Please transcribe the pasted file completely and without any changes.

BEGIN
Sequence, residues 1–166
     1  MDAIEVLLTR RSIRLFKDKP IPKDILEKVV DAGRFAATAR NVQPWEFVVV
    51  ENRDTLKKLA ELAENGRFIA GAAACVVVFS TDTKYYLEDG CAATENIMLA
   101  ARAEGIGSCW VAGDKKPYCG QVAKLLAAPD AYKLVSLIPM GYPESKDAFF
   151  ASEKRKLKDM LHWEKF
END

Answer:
Sequence, residues 1–166
     1  MDAIEVLLTR RSIRLFKDKP IPKDILEKVV DAGRFAATAR NVQPWEFVVV
    51  ENRDTLKKLA ELAENGRFIA GAAACVVVFS TDTKYYLEDG CAATENIMLA
   101  ARAEGIGSCW VAGDKKPYCG QVAKLLAAPD AYKLVSLIPM GYPESKDAFF
   151  ASEKRKLKDM LHWEKF